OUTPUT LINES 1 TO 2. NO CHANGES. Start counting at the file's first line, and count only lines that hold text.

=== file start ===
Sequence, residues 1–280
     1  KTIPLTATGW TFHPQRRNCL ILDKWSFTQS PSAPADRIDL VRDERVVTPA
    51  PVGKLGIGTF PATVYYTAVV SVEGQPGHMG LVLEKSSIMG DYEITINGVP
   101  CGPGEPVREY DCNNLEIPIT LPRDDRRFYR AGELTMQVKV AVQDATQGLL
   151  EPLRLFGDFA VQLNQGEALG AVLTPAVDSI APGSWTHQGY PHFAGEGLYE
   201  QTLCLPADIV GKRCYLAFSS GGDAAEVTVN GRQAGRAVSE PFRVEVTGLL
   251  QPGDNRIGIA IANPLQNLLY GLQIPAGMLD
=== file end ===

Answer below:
Sequence, residues 1–280
     1  KTIPLTATGW TFHPQRRNCL ILDKWSFTQS PSAPADRIDL VRDERVVTPA